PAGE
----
Sunday, December 23, 2012

Psalm 1

The first psalm, paired with psalm 2, stands at the start of the book and offers a kind of frontispiece to the book as a whole. In this psalm, much like the start of the book of proverbs, a contrasting picture is constructed of the wise man and the foolish man, though wisdom and folly themselves are not mentioned.

The blessed man is the one who avoids the wickeds’ counsel, and instead finds his source and root and delight in the Torah of God. The natural consequence, we are told, is abundance and stability, as depicted in v3. In contrast, the wicked are like chaff (v4), both unfruitful and unstable. The natural sequence for the wicked is given dramatic climax in vv5-6, being both unfruitful and unstable, they ‘will not stand in the judgment’, and ultimately their way perishes. This is because the “the Lord knows the way of the righteous”.

It is God’s personal, intimate acquaintance, an active knowing, that establishes the righteous.
In many ways this psalm invites us, the reader, to follow the path of the blessed man, and the key focal point of action is v2, the delight and meditation upon the Torah. Although Psalms is a book of ‘wisdom literature’, it never holds wisdom in tension with Law, but refers us again and again to the Law as the revelation of God and basis of relation with him. Furthermore, the canonical structure of Psalms into 5 ‘books’ invites us to contemplate Psalms itself as a book of ‘Law’, it is instruction in the life of the worshipper.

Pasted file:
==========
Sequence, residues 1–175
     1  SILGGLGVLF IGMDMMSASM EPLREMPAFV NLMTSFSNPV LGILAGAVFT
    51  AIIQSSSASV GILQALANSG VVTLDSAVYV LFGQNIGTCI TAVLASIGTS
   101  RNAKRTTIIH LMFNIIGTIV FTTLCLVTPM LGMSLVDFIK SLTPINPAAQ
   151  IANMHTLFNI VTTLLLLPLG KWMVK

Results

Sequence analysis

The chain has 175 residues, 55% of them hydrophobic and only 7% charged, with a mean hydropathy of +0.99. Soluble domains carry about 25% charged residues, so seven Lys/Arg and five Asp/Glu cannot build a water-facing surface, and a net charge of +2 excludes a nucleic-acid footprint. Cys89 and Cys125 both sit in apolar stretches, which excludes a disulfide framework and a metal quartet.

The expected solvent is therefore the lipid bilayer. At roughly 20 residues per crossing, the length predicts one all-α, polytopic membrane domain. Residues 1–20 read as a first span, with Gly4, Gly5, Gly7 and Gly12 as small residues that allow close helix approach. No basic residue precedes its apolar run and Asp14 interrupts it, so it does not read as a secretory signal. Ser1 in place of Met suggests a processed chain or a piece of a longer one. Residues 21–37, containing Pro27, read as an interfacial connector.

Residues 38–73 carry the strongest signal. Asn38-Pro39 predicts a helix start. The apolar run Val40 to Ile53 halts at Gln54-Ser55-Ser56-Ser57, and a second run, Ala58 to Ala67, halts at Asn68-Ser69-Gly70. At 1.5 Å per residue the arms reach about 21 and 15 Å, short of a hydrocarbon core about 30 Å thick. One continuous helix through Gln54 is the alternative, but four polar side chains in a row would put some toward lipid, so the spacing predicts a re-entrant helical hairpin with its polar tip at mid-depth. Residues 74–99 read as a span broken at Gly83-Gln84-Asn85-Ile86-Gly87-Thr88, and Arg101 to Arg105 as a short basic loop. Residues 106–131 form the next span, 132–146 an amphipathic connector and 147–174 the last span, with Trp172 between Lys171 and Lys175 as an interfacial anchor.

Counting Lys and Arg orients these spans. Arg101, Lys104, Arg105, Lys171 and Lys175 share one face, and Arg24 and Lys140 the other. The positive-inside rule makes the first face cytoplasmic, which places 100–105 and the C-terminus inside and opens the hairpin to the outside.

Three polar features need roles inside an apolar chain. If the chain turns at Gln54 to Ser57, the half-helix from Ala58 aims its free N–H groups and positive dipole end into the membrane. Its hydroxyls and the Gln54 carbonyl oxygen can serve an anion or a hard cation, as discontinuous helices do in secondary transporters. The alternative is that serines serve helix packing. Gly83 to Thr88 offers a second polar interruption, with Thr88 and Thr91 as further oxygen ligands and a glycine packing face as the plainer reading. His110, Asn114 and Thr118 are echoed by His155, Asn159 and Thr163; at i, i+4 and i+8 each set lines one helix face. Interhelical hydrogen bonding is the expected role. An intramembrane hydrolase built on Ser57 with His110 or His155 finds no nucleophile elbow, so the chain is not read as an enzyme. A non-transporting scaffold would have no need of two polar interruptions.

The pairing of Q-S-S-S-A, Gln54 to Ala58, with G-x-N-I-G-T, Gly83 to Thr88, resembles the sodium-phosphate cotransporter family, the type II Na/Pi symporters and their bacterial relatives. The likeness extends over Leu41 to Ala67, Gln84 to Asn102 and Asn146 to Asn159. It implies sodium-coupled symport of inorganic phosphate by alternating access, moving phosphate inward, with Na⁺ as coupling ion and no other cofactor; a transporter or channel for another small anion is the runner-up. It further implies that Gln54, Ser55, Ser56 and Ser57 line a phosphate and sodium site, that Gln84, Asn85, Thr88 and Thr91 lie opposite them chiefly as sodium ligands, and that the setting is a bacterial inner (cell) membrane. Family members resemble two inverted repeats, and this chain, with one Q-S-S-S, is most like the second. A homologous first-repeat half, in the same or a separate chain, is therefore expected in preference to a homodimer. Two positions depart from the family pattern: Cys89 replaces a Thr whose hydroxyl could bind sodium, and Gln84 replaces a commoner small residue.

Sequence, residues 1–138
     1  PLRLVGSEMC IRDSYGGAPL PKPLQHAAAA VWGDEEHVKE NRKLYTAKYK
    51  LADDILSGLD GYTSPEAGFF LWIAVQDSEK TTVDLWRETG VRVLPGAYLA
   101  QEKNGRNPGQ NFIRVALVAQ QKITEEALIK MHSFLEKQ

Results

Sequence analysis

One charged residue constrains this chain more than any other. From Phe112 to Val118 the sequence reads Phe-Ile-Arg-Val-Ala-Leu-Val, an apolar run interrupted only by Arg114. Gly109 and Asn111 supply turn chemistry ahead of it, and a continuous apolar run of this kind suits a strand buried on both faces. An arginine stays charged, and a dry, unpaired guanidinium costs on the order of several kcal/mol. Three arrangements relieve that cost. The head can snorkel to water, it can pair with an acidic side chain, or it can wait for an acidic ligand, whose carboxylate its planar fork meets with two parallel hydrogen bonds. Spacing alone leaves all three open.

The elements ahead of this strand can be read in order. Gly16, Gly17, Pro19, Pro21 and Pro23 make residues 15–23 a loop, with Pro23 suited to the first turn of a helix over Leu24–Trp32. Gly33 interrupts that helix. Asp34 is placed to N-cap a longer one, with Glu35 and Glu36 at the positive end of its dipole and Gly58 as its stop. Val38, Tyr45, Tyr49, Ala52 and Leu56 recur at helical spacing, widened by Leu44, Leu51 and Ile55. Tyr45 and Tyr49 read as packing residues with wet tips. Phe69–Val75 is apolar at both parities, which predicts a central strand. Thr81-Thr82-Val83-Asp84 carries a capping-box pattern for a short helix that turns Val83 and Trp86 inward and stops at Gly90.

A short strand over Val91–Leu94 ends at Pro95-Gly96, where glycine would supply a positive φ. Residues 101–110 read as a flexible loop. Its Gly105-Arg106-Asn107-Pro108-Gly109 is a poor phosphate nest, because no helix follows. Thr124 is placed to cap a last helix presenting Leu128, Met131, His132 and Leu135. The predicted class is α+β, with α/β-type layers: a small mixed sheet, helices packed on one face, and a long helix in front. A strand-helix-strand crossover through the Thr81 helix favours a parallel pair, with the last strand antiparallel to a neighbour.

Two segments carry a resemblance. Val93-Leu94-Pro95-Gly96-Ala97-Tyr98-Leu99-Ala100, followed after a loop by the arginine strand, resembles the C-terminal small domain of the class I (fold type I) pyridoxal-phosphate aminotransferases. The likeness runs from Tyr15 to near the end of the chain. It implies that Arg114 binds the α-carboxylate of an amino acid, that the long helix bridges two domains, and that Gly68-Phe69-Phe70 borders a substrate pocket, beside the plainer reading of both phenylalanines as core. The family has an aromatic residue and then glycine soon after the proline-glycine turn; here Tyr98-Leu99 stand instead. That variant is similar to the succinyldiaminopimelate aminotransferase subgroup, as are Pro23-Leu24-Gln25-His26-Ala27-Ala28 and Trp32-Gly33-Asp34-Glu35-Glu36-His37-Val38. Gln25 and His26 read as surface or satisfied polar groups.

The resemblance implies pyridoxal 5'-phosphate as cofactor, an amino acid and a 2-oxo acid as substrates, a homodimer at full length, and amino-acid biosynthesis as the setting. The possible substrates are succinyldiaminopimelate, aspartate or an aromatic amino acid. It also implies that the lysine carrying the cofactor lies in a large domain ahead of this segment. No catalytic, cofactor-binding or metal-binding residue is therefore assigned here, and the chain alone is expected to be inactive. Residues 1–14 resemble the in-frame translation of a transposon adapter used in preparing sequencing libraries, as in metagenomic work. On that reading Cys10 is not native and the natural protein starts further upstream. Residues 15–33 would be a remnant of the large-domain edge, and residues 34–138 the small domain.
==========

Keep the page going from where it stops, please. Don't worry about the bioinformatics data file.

This psalm leads us to Jesus in three ways. Firstly, in the New Testament the Law finds an ultimate fulfilment in Christ. As Christians we do not ‘follow’ the Law, per se, but find in Christ the final revelation of God and the basis of relation with him. So our invitation is to delight and meditate on Christ, and when we do study the Torah, we do so in the light of Christ its fulfilment.

Secondly, the source of our fruitfulness and stability is Christ himself. When we consider the agricultural metaphors of John 15 and Romans 11:16-24, our flourishing, vitality, and rootedness all depend upon a living connection to Jesus himself, the true branch.

Thirdly, who is the truly blessed man? It is Jesus himself. As this psalm presents us with a paradigm for living, Jesus has lived it. He delighted and meditated upon God’s Law, he avoided the way of the wicked, he was like a tree, abundant and stable, and ultimately he is the one who stands in the judgment, so that the righteous are vindicated and the wicked perish.

So let’s take this invitation, let’s delve into the psalms, and delight in God’s Word to us, and dwell upon it richly, in imitation and union of our Lord Jesus, and follow him to find the source of life and blessing.

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